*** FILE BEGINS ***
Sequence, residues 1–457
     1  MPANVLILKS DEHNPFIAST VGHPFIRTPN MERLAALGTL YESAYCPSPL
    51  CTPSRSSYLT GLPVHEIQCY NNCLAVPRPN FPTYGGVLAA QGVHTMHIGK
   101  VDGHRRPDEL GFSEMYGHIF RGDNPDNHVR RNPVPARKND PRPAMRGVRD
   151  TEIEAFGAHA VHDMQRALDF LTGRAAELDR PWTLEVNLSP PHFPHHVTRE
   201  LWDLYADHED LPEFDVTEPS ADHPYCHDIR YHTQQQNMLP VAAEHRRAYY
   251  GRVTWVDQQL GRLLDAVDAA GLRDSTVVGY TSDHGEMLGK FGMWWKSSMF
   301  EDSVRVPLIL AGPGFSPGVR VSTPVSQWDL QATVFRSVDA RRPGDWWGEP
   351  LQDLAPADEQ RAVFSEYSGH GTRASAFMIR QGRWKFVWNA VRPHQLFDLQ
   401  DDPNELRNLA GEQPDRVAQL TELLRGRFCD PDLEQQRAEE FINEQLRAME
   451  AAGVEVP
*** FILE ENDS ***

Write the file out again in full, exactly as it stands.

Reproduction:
Sequence, residues 1–457
     1  MPANVLILKS DEHNPFIAST VGHPFIRTPN MERLAALGTL YESAYCPSPL
    51  CTPSRSSYLT GLPVHEIQCY NNCLAVPRPN FPTYGGVLAA QGVHTMHIGK
   101  VDGHRRPDEL GFSEMYGHIF RGDNPDNHVR RNPVPARKND PRPAMRGVRD
   151  TEIEAFGAHA VHDMQRALDF LTGRAAELDR PWTLEVNLSP PHFPHHVTRE
   201  LWDLYADHED LPEFDVTEPS ADHPYCHDIR YHTQQQNMLP VAAEHRRAYY
   251  GRVTWVDQQL GRLLDAVDAA GLRDSTVVGY TSDHGEMLGK FGMWWKSSMF
   301  EDSVRVPLIL AGPGFSPGVR VSTPVSQWDL QATVFRSVDA RRPGDWWGEP
   351  LQDLAPADEQ RAVFSEYSGH GTRASAFMIR QGRWKFVWNA VRPHQLFDLQ
   401  DDPNELRNLA GEQPDRVAQL TELLRGRFCD PDLEQQRAEE FINEQLRAME
   451  AAGVEVP